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Russia Seeks Nine Billion Dollars WTO Farm Subsidies

Russia expects WTO membership to further promote its market reforms and ensure better transparency, as well as to provide a secure business environment for trade and investment. Membership will also help Russia diversify its economy, participate in projects to develop future common trade rules and secure its interests.
by Staff Writers
Moscow (RIA Novosti) Jul 13, 2007
Russia insists on $9 billion-a-year state agriculture subsidies at accession talks with the World Trade Organization (WTO), in accordance with the organization's rules, the agriculture minister said Thursday. "The figure of $9.2 billion is a guideline in the negotiating process," Alexei Gordeyev told a Cabinet meeting.

Russia is discussing state support for the agricultural sector at multilateral WTO accession talks, with the next round due July 23-27 in Geneva.

State agricultural subsidies in Russia are currently around $2 billion a year.

"Should this figure [$9.2 billion] be agreed upon, Russia will have substantial capacity to increase state support for agriculture," Gordeyev said, adding that would involve direct support, or so-called "yellow basket" subsidies.

The Russian WTO Accession project has been in progress since September 2005 and is expected to continue until the end of 2007, when Russia could finally join the organization.

Maxim Medvedkov, director for trade talks at the Economic Development and Trade Ministry and head of the Russian delegation, said last month that Russia, the largest economy outside the international trade alliance, expected to complete bilateral WTO negotiations with Guatemala, Vietnam, and Cambodia this summer.

Russia expects WTO membership to further promote its market reforms and ensure better transparency, as well as to provide a secure business environment for trade and investment. Membership will also help Russia diversify its economy, participate in projects to develop future common trade rules and secure its interests.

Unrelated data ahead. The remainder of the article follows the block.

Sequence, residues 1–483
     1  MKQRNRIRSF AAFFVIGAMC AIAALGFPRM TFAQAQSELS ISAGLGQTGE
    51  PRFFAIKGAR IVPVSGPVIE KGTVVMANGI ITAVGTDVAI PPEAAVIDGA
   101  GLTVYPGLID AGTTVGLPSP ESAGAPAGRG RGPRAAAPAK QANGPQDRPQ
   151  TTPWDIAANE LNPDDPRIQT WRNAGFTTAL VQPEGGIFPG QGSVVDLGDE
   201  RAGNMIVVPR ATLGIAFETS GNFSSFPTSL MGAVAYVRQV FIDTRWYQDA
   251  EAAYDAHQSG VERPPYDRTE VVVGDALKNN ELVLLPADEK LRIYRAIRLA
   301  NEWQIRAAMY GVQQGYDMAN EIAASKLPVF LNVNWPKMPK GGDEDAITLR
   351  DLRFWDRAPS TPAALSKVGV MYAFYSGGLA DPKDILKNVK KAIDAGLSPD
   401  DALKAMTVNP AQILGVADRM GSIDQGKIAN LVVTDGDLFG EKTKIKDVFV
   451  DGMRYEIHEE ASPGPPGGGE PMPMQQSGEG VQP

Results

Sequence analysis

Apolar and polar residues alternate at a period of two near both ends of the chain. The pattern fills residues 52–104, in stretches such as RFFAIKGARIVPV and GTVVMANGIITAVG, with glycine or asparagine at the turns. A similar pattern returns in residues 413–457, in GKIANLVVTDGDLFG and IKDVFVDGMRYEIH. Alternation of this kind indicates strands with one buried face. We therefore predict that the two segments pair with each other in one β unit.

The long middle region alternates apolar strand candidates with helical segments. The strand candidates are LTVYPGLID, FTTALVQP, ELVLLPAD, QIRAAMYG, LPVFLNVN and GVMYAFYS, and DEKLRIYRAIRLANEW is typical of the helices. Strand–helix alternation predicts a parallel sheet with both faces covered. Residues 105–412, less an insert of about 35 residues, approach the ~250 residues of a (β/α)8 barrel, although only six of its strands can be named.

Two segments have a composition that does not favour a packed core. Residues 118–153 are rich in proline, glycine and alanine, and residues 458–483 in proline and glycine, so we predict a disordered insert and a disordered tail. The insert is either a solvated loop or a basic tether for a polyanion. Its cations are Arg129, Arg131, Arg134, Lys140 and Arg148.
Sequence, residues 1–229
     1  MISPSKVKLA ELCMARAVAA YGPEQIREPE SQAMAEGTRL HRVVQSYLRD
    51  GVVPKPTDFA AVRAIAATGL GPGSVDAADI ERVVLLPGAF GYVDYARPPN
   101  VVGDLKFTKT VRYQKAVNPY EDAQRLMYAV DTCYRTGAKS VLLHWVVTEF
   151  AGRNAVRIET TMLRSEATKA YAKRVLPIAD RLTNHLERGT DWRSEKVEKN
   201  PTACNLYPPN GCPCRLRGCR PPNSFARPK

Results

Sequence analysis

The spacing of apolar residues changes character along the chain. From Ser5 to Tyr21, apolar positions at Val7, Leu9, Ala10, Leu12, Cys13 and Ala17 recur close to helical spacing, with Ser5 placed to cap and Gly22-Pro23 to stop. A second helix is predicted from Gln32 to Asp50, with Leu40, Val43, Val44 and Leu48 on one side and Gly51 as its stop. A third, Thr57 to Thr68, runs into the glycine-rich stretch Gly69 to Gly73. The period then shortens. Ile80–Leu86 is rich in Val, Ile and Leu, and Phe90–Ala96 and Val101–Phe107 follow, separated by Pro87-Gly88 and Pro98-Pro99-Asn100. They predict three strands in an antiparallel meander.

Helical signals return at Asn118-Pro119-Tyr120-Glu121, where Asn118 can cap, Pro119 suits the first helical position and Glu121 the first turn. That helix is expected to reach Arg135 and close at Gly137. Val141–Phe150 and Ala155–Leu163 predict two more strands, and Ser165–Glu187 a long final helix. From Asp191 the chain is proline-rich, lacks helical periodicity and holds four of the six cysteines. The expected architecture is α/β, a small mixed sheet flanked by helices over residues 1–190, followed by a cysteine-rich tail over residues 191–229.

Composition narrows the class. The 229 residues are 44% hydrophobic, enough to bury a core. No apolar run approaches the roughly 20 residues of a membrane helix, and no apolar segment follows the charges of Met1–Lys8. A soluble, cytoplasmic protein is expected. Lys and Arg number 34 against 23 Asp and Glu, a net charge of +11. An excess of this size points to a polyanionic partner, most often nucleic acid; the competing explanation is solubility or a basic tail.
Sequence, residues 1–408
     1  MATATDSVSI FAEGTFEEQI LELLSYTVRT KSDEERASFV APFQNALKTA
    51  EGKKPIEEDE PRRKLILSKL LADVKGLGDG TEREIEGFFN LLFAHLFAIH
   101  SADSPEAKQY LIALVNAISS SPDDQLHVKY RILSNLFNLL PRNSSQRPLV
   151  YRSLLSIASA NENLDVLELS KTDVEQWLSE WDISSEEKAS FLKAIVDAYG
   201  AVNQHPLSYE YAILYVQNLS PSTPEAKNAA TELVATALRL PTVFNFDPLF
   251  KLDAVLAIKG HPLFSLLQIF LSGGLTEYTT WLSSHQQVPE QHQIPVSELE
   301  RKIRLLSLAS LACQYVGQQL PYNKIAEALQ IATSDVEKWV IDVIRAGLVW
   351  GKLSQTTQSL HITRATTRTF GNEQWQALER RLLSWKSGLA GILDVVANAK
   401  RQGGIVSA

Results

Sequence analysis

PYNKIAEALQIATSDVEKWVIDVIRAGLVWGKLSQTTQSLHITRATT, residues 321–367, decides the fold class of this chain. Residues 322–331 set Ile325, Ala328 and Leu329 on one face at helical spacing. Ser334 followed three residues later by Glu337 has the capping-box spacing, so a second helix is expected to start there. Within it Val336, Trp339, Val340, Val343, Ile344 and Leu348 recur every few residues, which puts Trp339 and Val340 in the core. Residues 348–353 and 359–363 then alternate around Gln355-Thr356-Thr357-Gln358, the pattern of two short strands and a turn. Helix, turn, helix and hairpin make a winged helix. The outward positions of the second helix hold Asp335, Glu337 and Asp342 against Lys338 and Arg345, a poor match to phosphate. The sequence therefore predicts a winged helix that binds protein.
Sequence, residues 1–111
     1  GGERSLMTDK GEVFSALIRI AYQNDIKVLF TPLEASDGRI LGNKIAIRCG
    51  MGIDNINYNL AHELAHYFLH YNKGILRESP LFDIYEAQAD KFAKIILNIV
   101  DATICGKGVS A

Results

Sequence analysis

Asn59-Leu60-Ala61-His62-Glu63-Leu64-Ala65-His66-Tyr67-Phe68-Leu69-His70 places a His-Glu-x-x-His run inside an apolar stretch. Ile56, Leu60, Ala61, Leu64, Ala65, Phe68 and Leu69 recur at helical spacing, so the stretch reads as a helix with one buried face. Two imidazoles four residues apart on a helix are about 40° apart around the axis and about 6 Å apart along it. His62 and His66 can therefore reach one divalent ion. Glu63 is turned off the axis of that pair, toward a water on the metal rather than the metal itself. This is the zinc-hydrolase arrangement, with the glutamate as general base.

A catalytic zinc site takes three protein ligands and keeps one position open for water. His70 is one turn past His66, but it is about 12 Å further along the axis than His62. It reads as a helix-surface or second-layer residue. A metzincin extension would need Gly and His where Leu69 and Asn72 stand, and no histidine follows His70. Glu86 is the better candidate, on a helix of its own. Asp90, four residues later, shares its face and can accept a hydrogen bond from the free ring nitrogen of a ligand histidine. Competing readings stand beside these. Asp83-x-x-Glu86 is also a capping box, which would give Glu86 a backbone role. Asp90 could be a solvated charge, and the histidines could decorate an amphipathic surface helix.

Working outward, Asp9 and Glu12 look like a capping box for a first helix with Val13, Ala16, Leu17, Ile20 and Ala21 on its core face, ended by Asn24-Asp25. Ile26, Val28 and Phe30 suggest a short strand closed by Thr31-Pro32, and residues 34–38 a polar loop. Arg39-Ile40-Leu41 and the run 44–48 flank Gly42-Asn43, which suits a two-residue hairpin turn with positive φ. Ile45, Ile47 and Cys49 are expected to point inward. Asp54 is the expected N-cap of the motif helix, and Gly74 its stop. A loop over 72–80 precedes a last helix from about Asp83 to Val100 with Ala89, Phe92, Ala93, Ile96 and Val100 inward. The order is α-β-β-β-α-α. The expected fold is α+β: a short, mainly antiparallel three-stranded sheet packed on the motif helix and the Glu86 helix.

Other countries, including the European Union, believe Russian participation in international organizations, and in particular the WTO, will lead to a greater commitment by its political leaders to the international community and increased support for closer cooperation.

The West also expects limitations on the role of government in the domestic economy, which will improve competition and further liberalize the Russian economy.

related report

Russian farm produce to grow 23% in five years
Moscow (RIA Novosti) Jul 13 - Russia's premier said domestic farm production will increase 23% by 2012 under the government's five-year agricultural program, with agricultural development being one of the national welfare projects.

"The five-year program provides for a 23% increase in agricultural production by 2012, which is a substantial rise," Mikhail Fradkov told the government

Annual budget support for farming is to be gradually increased from 60 billion rubles this year to 130 billion in 2012, which is expected to secure agricultural growth of 4% a year against the current 2.8%, a government source said. "The total funding for five years will be 551.3 billion rubles [$22 billion]," the source said.

The Agriculture Ministry said it wanted to increase domestic meat and dairy consumption to 70% of the total amount consumed, a government source said.

"It meets the interests of national product security," the source said, adding that no additional quotas on agricultural imports were expected. "If there are not enough domestic products, then the products should be imported," he said.

The program sets a target for growth in livestock farming of 5% a year against 3% today. Domestic meat products should take up 76.9% of the market by 2012 against the current 57.7% in 2006, and dairy products 81.1% against 77.8%, the source said.

In 2005, Russia introduced a ban on Polish meat, citing health risks. In late May, Russia's food safety watchdog imposed temporary restrictions on meat imports from some European Union producers, including Belgium and Germany, for the same reasons. On June 26, the regulator temporarily restricted poultry imports from the Czech Republic after a bird flu outbreak was registered in the country. In December 2006, Russia banned all rice imports, again citing health concerns.

Source: RIA Novosti

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